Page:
HJ Heinz was domineering the ketchup market on Earth for almost 150 years. Now, the American agri-food company wants to ensure that future space travelers also have access to the tasty condiment. On November 9, 2021, the company unveiled his “Marz Edition” ketchup. the unique recipe contains tomatoes grown under conditions similar to those of the Red Planet.
Heavenly Sauce was created in collaboration with the Aldrin Space Institute of the Florida Institute of Technology. A team of 14 scientists, working in a laboratory called “The RedHouse”, began with to modify ground to imitate the one on Mars. that of the red planet nutrient-poor soils are laced with toxic chemicals called perchlorates, which must be removed for plants to grow. They also had to simulate March’ Temperature and atmospheric conditions. Mars is about 100 degrees Fahrenheit cooler than Earth, and its atmosphere is predominantly understand carbon dioxide. The planet also doesn’t get as much sunlight and has a gravity only 40% that of Earth.
It took researchers nine months to grow tomatoes suitable for the approval of Heinz’s “Tomato Masters” – seven of foremost tomato ketchup experts! Although the condiment isn’t available in supermarkets, Dr Andrew Palmer, who led the Aldrin Space Institute team, believes the effort was worth it. The expert believes that the revolutionary the research not only promotes the likelihood of food production on Mars, but may also be helpful in growing crops in from a distance and inhospitable areas on Earth.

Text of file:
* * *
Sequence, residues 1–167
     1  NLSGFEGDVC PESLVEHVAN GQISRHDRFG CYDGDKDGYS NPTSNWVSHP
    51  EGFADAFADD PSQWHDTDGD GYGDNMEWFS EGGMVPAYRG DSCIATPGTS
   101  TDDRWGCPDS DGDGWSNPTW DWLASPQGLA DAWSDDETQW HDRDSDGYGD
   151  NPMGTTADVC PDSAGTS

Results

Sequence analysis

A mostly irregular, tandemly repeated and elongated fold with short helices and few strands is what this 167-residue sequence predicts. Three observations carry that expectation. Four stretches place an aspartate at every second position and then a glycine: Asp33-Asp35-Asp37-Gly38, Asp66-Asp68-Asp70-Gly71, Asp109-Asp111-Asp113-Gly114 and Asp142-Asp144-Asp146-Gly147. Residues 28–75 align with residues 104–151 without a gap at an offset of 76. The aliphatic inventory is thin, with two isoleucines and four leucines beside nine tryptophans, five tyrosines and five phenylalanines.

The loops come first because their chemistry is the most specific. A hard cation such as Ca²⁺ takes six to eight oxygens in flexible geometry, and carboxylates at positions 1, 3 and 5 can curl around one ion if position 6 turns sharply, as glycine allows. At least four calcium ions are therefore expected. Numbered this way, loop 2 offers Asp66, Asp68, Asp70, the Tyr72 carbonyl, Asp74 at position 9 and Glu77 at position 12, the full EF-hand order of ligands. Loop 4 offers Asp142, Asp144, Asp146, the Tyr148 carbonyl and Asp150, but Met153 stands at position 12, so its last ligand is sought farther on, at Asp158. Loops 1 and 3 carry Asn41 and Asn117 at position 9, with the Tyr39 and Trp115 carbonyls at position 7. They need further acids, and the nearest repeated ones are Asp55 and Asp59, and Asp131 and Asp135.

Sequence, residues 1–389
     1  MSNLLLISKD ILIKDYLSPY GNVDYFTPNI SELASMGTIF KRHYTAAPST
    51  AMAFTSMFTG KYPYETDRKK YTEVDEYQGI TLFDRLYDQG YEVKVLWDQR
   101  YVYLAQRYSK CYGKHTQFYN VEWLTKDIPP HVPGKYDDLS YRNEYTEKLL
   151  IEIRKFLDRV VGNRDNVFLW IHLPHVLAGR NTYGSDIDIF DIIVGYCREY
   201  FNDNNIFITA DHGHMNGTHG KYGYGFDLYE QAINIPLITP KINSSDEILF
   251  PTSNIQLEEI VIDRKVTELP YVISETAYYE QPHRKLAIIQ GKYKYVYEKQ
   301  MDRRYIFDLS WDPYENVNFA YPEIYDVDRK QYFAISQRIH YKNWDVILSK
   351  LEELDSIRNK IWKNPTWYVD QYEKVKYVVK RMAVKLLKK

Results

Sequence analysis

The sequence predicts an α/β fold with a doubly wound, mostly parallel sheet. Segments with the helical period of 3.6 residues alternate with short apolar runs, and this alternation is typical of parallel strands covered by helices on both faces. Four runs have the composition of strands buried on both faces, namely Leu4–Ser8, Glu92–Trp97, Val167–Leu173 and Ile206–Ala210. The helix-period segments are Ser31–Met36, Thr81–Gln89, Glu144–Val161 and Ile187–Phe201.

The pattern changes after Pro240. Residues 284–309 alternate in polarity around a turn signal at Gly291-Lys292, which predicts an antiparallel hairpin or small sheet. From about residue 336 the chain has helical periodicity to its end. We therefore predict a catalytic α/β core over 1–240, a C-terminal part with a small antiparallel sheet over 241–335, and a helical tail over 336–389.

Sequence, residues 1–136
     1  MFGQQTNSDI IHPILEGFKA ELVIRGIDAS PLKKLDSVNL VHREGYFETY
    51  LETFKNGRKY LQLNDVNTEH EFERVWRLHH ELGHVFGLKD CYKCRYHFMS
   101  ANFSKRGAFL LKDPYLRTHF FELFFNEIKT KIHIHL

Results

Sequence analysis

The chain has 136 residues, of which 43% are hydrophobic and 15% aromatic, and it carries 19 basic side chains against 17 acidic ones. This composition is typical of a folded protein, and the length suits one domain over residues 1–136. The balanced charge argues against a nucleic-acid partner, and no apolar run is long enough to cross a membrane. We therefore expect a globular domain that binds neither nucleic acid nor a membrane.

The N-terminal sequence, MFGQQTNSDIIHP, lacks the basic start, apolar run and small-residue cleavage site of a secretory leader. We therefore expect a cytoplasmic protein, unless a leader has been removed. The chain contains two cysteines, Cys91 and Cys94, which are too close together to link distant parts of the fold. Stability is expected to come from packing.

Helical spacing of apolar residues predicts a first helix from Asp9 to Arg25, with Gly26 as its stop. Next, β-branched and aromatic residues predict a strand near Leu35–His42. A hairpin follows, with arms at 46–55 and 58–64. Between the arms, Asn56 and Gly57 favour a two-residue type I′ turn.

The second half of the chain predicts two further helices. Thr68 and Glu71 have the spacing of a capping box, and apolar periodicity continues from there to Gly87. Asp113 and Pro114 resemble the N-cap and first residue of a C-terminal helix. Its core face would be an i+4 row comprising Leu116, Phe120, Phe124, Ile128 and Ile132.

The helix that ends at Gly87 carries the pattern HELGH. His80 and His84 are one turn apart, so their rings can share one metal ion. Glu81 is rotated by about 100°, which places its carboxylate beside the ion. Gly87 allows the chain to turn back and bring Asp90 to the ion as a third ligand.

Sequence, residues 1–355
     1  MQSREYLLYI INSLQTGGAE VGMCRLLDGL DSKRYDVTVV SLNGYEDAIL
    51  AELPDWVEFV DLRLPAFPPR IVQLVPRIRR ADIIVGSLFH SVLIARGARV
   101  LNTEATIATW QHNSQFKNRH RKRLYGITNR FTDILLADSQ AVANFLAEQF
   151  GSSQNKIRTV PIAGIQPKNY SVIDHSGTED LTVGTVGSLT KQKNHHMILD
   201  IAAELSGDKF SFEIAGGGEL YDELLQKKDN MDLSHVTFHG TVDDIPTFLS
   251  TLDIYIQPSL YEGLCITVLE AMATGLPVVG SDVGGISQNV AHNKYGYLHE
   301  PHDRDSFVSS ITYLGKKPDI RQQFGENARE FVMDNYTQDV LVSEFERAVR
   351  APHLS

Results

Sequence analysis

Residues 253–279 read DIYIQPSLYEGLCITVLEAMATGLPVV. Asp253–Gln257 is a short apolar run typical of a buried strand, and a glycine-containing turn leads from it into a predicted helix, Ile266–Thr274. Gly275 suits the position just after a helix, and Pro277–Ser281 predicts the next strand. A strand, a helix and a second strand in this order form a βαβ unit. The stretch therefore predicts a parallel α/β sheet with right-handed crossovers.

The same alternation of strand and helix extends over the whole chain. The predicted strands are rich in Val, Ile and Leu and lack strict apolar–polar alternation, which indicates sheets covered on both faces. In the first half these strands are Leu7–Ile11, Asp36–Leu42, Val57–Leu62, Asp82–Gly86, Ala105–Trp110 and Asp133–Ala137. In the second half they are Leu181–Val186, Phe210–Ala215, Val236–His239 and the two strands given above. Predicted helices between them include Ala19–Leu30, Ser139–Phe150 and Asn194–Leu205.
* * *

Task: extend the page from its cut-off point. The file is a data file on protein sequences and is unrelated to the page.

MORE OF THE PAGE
“When it comes to our own survival on this planet, one of the big questions is how do we cultivate in soils that are not ideal,” says Dr. Palmer. “Previously, most efforts to find ways to grow under Martian simulated conditions were studies of short-term plant growth. This project consisted of examining the long-term food harvest. “
Harvesting tomatoes is not the only recent market gardening victory for space travelers. On November 2, 2021, scientists at the International Space Station (ISS) enjoyed what US astronaut Megan McArthur described as his “best space tacos” to date. They were made with beef fajita, rehydrated tomatoes and artichokes and, most importantly, the very first chili peppers in space! While astronauts once cultivated crops like lettuce and radishes, peppers turned out to be elusive because they take longer to germinate and bear fruit.
Resources: Livescience.com, Npr.org, qz.com